As part of these government schemes, bicycles were supplied by Ludhiana factories to West Bengal, Assam, Madhya Pradesh, Tamil Nadu, Gujarat, Karnataka, Chhattisgarh and Bihar in 2017-2018. This year too, the Ludhiana industry is expecting similar orders. “Tenders from different states are indeed a lifeline of the bicycle industry,” says K K Seth, the owner of Seth Industrial Corporation, the manufacturer of the Neelam brand.

Cycles being manufactured at one of Hero Motor’s units in Ludhiana. (Express photo by Gurmeet Singh)

Hoping for government support, an AICMA delegation has met NITI Aayog thrice to push for making bicycles affordable. Says AICMA secretary general Dr K B Thakur, “NITI Aayog has formed an inter-ministerial committee to identify issues relating to the supply and demand of bicycles, how to make it a product within the reach of masses.”

Rai says that in its presentation to NITI Aayog, Hero pointed out that it was unusual that in a poor country like India, of the 2.3 crore vehicles added annually to the market, only 1.7 crore were bicycles. “As per data with us, the current usage of bicycle is just 9 per cent of the total population,” says Rai. “Banks should offer loans for bicycles, just like cars.”

Confirming the meetings with the bicycle manufacturers, Jagdish Khattar, Chairman of the inter-ministerial committee of NITI Aayog, says, “We are going to study as to why bicycle sales are slow in rural areas, and what needs to be done as this can help boost rural economy. Secondly, the bicycle industry is not progressing the way it should be, we need to study the reasons. Thirdly, there is not much R&D, how can this be provided.”

Workers assemble parts of the cycle at one of Hero Motor’s units in Ludhiana. (Express photo by Gurmeet Singh)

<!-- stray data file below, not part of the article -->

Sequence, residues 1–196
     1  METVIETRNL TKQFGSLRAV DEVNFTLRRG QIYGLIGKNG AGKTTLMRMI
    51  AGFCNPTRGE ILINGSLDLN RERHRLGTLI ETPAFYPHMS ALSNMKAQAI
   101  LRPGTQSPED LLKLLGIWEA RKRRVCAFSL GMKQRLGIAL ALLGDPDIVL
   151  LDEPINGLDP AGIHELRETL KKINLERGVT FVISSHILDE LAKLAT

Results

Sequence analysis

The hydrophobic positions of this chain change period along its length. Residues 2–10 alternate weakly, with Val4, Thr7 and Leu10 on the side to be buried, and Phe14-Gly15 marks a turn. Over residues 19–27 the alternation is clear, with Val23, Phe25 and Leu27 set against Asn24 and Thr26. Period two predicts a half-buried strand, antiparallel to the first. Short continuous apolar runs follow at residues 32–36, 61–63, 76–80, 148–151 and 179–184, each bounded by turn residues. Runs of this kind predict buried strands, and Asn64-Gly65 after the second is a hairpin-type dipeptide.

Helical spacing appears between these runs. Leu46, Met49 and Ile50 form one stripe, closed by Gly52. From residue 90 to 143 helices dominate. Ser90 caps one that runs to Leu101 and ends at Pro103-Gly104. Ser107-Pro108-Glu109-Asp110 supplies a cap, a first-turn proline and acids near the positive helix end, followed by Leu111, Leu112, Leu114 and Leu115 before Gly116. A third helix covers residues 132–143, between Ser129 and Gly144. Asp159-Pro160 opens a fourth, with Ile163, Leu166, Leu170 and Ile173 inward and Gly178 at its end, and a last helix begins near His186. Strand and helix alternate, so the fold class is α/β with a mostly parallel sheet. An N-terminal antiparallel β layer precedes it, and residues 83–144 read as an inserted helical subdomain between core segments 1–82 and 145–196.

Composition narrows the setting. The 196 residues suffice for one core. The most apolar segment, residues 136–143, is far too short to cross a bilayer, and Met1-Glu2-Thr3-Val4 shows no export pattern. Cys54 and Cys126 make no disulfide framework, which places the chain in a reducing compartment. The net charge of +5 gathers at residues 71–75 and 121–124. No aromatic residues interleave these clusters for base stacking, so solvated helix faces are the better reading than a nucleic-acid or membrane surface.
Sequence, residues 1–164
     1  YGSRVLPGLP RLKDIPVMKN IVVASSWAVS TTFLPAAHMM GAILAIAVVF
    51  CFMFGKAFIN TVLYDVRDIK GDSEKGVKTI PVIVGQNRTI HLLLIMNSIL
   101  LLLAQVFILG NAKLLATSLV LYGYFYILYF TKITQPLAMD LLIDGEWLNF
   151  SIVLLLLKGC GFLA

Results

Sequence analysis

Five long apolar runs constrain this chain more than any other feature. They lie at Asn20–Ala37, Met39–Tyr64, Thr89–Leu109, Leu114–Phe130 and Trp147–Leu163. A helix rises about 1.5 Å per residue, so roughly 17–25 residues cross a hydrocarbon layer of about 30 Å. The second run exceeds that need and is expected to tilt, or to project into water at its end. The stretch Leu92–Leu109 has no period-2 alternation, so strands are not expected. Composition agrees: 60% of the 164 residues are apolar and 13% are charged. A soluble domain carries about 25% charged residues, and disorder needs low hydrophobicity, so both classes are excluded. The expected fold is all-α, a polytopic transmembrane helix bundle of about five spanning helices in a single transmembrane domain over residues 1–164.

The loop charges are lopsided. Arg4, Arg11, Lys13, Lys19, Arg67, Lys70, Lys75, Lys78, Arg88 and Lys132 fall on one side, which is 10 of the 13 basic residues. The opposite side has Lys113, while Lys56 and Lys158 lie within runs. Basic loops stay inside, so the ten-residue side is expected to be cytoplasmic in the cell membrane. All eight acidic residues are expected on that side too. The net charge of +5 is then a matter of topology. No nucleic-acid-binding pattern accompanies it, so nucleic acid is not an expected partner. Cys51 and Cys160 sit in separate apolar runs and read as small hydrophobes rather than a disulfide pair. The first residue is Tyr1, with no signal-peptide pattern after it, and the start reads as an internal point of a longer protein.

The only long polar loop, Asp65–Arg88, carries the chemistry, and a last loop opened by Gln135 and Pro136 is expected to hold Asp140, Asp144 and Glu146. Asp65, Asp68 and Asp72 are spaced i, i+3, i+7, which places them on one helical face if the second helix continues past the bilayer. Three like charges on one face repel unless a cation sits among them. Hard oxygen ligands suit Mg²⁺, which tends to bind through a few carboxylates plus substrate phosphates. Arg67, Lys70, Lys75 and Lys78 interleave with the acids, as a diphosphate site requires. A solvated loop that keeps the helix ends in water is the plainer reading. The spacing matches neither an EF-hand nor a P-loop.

Khattar incidentally is the man who gave the Indian middle-class affordable cars as Maruti managing director. On the day Munjal announced his plans for a cheaper roadster, he was accompanied by Khattar. At the event as well, Khattar stressed on the need to focus on the rural market. “While the annual growth of cars is at 10 per cent per annum, the bicycle industry is growing at just 2 per cent. In India, over 32 crore people still walk 6-10 km to reach their workplace (as per Census 2011). The bicycle needs to be reached out to such sectors, and needs to be affordable.”

Factory workers on their way home in Dhandari Kalan in Ludhiana. (Express photo by Gurmeet Singh)

Munjal echoed Khattar. “India stands out as the second largest bicycle manufacturer in the world after China. However, while China offers bicycles at just 3 per cent of its annual per capita income, in India, bicycle prices make up 15 per cent of the average per capita income. Further, 95 of every 100 households own a bicycle in China, while only 46 do so in India. We need to tap new markets, for which prices need to be slashed to attract rural poor.”

But while bicycle manufacturers agree that they need new markets, they are doubtful if reducing prices is the answer.
“In a country of 130 crores, if annually only 1.65 crore bicycles are produced, clearly there is a great scope of tapping new markets. But as per my experience in the bicycle industry of more than three decades, slashing prices is next to impossible,” says K K Seth, who is also Chairman of the Federation of Industrial and Commercial Undertakings.

Unit 1 has a total of 400 employees, who work in three shifts of eight hours each. (Express photo by Gurmeet Singh)

In fact, the industry has been struggling to keep costs down with prices of steel and other raw materials rising. Soon after it said it was cutting roadster prices, Hero itself joined other manufacturers in announcing a Rs 100-150 increase in prices of all other bicycle models. Seth points out that prices of steel, the main component of a bicycle, are up Rs 14,000 per ton since demonetisation. Nickel anode, priced at Rs 730 per kg at the time of demonetisation, is now Rs 1,050 per kg. The price of tyres is up Rs 4 each while tubes are expensive by Rs 1.5 more.


This has also resulted in a boost in demand for lighter, cheaper Chinese parts. Pointing to this increase in prices of components, I D Chugh, the Director of Atlas Cycle Industries Limited, which controls 20 per cent of the bicycle market, says, “No doubt Hero’s new model will create competition, however let us see what the impact is. As of now we have no plans for bringing out a new model on similar lines,” he says, adding that, he expects cost to only go up because of steel prices. Onkar Singh Pahwa, MD, Avon Cycles (20 per cent of the market), adds, “We have no plans for any economy model as of now. I can comment once Hero’s Rs 1,999 model is out.”